rawk Archive

Album Review: No. 2 – First Love

First things first: this band isn’t thenewno2, Dhani Harrison’s project named after the succession of characters who portrayed the mysterious leader in The Prisoner. No, this No. 2 has been around a bit longer than Harrison’s group, so one might think of it as the “old” No. 2. But hey, they’re new to me, and

Album Review: Eric Slick – Palisades

A former student (alongside his sister Julie Slick) at the Paul Green School of Rock Music, Eric Slick was catapulted to well-deserved fame when Adrian Belew chose him and Julie to work as his rhythm section in the Adrian Belew Power Trio in the mid- to late 2000s. From there, Eric joined Dr. Dog as

EP Review: Salim Nourallah – See You in Marfa

Salim Nourallah is from Texas, but for See You in Marfa, his project collaborator is the great Marty Willson-Piper, former guitarist for The Church and a superb musician, singer and composer in his own right. The album was recorded in Nashville, with Willson-Piper’s guitars (on two tracks) cut in the southwest of England. The five

Album Review: Mark Duda – Bodega Flowers

I’ll be honest: this one confused me. From the Halloween-themed font to the woman on the cover (is that Mark Duda?) And the Japanese(?) lettering, I had no idea at all what to think about this CD. So of course I did what one should do in such cases: play the thing. Thank goodness. It’s

Album Review: The Krayolas — Happy Go Lucky

If the Smithereens were from Texas instead of New Jersey – and if they built on their Beatles influences not by exploring an affinity for Black Sabbath but instead for the Sir Douglas Quintet – then they might sound a bit like The Krayolas. With a chirpy demeanor, jangling guitars and peppy hand claps, The

Concert Review: Interpol (Sep 3 2022, Asheville NC)

It’s been 20 years since Interpol released their celebrated debut Turn On The Bright Lights, an album that came at a time when the indie music scene in New York was booming and entering a new sonic era alongside bands like The Strokes, The Yeah Yeah Yeahs, and LCD Soundsystem. Now, in 2022, Interpol have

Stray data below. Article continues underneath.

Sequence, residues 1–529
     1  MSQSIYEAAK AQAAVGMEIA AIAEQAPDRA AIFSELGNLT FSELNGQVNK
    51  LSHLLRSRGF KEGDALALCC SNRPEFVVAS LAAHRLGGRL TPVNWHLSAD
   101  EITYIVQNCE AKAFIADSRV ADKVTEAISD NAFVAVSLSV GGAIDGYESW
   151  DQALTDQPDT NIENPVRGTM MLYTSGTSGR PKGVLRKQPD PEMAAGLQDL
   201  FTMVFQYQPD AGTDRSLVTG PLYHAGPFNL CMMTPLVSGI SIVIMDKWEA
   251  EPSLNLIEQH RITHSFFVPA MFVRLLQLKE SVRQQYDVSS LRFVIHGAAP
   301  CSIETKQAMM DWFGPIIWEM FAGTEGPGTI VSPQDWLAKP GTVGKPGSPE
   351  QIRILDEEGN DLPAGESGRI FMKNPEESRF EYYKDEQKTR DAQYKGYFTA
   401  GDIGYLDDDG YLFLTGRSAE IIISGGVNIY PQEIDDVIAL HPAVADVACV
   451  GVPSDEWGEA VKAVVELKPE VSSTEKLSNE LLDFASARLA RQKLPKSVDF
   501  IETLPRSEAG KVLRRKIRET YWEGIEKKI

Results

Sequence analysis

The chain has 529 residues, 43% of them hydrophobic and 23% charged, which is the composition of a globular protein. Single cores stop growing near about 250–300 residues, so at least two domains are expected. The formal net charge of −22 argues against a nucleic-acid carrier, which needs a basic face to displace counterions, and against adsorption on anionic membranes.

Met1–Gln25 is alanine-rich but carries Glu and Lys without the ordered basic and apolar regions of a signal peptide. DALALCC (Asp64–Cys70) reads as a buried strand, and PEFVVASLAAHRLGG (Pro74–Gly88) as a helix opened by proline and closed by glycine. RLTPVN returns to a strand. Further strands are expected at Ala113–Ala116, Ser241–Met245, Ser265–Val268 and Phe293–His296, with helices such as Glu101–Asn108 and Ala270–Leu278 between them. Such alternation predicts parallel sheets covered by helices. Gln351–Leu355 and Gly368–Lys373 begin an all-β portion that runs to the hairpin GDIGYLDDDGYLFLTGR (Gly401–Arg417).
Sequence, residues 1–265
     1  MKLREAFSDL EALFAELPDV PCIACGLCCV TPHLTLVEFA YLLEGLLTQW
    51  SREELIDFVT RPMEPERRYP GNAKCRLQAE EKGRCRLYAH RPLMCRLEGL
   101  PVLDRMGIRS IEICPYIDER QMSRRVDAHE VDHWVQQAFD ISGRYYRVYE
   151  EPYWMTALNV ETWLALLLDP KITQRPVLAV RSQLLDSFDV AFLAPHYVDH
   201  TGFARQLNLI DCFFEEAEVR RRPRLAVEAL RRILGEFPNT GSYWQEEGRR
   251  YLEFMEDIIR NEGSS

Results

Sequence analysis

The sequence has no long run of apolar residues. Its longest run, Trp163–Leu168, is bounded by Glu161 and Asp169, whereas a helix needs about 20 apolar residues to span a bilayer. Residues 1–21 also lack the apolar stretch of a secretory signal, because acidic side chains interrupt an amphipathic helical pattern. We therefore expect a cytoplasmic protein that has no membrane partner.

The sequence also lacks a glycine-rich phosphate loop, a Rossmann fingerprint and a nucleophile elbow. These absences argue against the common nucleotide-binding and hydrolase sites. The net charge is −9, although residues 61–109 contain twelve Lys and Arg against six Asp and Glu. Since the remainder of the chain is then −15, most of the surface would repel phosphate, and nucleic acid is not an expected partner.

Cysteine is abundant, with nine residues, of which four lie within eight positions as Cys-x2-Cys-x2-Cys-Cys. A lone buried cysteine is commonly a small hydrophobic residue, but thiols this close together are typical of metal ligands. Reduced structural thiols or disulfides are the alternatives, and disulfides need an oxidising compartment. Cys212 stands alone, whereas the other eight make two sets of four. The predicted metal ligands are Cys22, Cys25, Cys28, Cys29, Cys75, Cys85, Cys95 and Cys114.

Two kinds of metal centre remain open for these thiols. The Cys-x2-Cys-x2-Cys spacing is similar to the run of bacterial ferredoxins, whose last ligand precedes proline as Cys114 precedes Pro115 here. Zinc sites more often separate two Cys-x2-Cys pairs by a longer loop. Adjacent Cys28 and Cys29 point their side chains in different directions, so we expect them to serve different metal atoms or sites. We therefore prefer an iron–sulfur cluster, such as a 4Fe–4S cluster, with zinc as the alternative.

Album Review: Jem Records Celebrates Pete Townshend

Too often, various-artists tribute albums are like celebrity roasts: it’s far less about the ostensible honoree, and for more about the roasters (or, in this case, “tributers”). And I’m on record stating my assertion that few tribute projects add much of value to the music. But there are exceptions, and they make the whole concept

DVD Review: Waiting – The Van Duren Story

In recent years, a remarkably personal style of documentary has come into vogue. Whereas in a traditional documentary, the narrator is both invisible and omniscient, and this new (or newly popular) style, the narrator is very much part of the story, and said narrative tends toward subjectivity. In and of itself, the approach is not

Concert Review: Spoon (Sep 3 2022, Asheville NC)

Known for putting on a spirited and memorable show, Spoon’s September 3rd performance at Rabbit Rabbit was alive, dynamic, and tight. The band is touring on their latest record Lucifer on the Sofa, which has received mostly positive reviews 26 years after their 1996 debut Telefono. Since this album is widely considered a return to

John Lennon: Five Sessions Outside the Beatles

More of my “Take Five”… John Lennon is rarely thought of as a session musician; nearly all of his work was within the context of The Beatles, with wife Yoko Ono and/or his own Plastic Ono Band. But between 1965 and his death in 1980, Lennon participated in several notable projects involving other artists. The